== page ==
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Sustained impact of a short small group course with systematic feedback in addition to regular clinical clerkship activities on musculoskeletal examination skills-a controlled study

Overview of attention for article published in BMC Medical Education, January 2016
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Title
Sustained impact of a short small group course with systematic feedback in addition to regular clinical clerkship activities on musculoskeletal examination skills-a controlled study
Published in
BMC Medical Education, January 2016
DOI 10.1186/s12909-016-0554-z
Pubmed ID
Authors

Martin Perrig, Christoph Berendonk, Anja Rogausch, Christine Beyeler

Abstract

The discrepancy between the extensive impact of musculoskeletal complaints and the common deficiencies in musculoskeletal examination skills lead to increased emphasis on structured teaching and assessment. However, studies of single interventions are scarce and little is known about the time-dependent effect of assisted learning in addition to a standard curriculum. We therefore evaluated the immediate and long-term impact of a small group course on musculoskeletal examination skills. All 48 Year 4 medical students of a 6 year curriculum, attending their 8 week clerkship of internal medicine at one University department in Berne, participated in this controlled study. Twenty-seven students were assigned to the intervention of a 6×1 h practical course (4-7 students, interactive hands-on examination of real patients; systematic, detailed feedback to each student by teacher, peers and patients). Twenty-one students took part in the regular clerkship activities only and served as controls. In all students clinical skills (CS, 9 items) were assessed in an Objective Structured Clinical Examination (OSCE) station, including specific musculoskeletal examination skills (MSES, 7 items) and interpersonal skills (IPS, 2 items). Two raters assessed the skills on a 4-point Likert scale at the beginning (T0), the end (T1) and 4-12 months after (T2) the clerkship. Statistical analyses included Friedman test, Wilcoxon rank sum test and Mann-Whitney U test. At T0 there were no significant differences between the intervention and control group. At T1 and T2 the control group showed no significant changes of CS, MSES and IPS compared to T0. In contrast, the intervention group significantly improved CS, MSES and IPS at T1 (p < 0.001). This enhancement was sustained for CS and MSES (p < 0.05), but not for IPS at T2. Year 4 medical students were incapable of improving their musculoskeletal examination skills during regular clinical clerkship activities. However, an additional small group, interactive clinical skills course with feedback from various sources, improved these essential examination skills immediately after the teaching and several months later. We conclude that supplementary specific teaching activities are needed. Even a single, short-lasting targeted module can have a long lasting effect and is worth the additional effort.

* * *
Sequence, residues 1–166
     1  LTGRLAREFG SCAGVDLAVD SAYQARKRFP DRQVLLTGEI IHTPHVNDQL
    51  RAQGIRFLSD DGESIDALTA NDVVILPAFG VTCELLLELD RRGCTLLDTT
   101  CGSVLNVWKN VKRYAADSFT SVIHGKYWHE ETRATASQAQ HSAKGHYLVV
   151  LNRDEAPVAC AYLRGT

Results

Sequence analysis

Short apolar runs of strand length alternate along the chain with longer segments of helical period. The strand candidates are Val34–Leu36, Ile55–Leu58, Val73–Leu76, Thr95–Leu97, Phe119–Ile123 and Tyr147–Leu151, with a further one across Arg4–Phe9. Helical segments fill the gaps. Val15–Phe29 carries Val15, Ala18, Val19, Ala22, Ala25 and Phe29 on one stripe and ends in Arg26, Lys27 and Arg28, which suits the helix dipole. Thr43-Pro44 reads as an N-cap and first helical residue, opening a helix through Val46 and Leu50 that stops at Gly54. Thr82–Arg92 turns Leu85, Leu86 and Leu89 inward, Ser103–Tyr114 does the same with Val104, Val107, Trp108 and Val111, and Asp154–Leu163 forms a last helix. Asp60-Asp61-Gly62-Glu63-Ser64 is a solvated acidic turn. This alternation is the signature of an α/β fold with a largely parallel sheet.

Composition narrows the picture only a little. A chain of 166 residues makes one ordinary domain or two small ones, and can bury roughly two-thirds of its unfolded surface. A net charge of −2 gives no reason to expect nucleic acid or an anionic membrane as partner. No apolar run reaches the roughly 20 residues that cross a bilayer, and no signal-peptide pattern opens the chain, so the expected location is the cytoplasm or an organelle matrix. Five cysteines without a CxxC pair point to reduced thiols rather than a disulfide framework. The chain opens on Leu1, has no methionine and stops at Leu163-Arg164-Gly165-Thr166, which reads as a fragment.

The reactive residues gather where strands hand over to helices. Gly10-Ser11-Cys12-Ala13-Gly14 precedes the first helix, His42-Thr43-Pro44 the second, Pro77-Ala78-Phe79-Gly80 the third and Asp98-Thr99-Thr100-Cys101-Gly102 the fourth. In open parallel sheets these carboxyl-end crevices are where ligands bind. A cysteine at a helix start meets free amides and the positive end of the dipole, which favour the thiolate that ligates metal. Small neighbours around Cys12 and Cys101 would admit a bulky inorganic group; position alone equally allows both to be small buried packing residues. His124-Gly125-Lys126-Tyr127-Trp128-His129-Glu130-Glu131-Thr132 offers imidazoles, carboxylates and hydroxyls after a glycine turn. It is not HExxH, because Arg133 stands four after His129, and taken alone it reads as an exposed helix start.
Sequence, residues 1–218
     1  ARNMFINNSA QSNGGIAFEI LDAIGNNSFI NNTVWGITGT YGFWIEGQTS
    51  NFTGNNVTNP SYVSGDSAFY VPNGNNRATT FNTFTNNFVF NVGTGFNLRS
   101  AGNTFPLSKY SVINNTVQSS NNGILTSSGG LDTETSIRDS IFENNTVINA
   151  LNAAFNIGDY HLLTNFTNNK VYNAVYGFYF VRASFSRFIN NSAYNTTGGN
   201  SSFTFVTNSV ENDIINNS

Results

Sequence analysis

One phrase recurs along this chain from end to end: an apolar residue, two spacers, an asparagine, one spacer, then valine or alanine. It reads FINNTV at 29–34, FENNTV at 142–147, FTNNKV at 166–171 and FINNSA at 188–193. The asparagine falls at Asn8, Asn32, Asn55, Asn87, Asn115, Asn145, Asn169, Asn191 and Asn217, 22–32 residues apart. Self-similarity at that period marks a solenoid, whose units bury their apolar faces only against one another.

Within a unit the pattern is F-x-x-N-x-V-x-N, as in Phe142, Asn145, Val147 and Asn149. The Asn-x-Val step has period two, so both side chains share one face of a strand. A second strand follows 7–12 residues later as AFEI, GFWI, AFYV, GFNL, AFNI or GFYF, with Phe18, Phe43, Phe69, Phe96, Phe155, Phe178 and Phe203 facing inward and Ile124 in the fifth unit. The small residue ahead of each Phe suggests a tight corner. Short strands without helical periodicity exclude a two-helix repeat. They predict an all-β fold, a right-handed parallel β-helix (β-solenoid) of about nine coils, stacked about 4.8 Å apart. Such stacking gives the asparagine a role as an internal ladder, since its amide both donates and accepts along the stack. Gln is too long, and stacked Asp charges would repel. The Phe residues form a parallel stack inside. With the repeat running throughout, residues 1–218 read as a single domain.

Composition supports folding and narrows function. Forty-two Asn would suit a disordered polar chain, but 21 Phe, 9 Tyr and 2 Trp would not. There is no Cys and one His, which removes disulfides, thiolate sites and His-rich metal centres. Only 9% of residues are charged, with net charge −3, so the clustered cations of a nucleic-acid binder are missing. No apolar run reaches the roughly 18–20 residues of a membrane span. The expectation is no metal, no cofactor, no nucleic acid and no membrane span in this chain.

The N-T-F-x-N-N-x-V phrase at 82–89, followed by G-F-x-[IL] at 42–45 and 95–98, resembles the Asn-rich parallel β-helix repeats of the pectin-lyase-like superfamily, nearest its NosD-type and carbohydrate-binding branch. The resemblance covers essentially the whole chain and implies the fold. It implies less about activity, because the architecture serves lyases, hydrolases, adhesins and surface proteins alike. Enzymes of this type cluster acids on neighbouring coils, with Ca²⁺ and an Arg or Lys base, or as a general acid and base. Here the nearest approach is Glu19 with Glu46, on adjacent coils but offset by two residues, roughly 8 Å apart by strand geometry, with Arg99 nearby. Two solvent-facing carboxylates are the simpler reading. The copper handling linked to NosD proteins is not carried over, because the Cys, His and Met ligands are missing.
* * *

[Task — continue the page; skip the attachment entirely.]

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Mendeley readers

Mendeley readers

The data shown below were compiled from readership statistics for 92 Mendeley readers of this research output. Click here to see the associated Mendeley record.

Geographical breakdown

Country Count As %
Unknown 92 100%

Demographic breakdown

Readers by professional status Count As %
Student > Master 14 15%
Student > Bachelor 13 14%
Researcher 10 11%
Student > Doctoral Student 8 9%
Student > Ph. D. Student 6 7%
Other 24 26%
Unknown 17 18%
Readers by discipline Count As %
Medicine and Dentistry 28 30%
Nursing and Health Professions 13 14%
Psychology 11 12%
Social Sciences 9 10%
Computer Science 3 3%
Other 10 11%
Unknown 18 20%
Attention Score in Context

Attention Score in Context

This research output has an Altmetric Attention Score of 1. This is our high-level measure of the quality and quantity of online attention that it has received. This Attention Score, as well as the ranking and number of research outputs shown below, was calculated when the research output was last mentioned on 10 February 2016.
All research outputs
#20,303,950
of 22,842,950 outputs
Outputs from BMC Medical Education
#3,144
of 3,323 outputs
Outputs of similar age
#333,477
of 396,721 outputs
Outputs of similar age from BMC Medical Education
#79
of 87 outputs
Altmetric has tracked 22,842,950 research outputs across all sources so far. This one is in the 1st percentile – i.e., 1% of other outputs scored the same or lower than it.
So far Altmetric has tracked 3,323 research outputs from this source. They typically receive a little more attention than average, with a mean Attention Score of 6.4. This one is in the 1st percentile – i.e., 1% of its peers scored the same or lower than it.
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We're also able to compare this research output to 87 others from the same source and published within six weeks on either side of this one. This one is in the 1st percentile – i.e., 1% of its contemporaries scored the same or lower than it.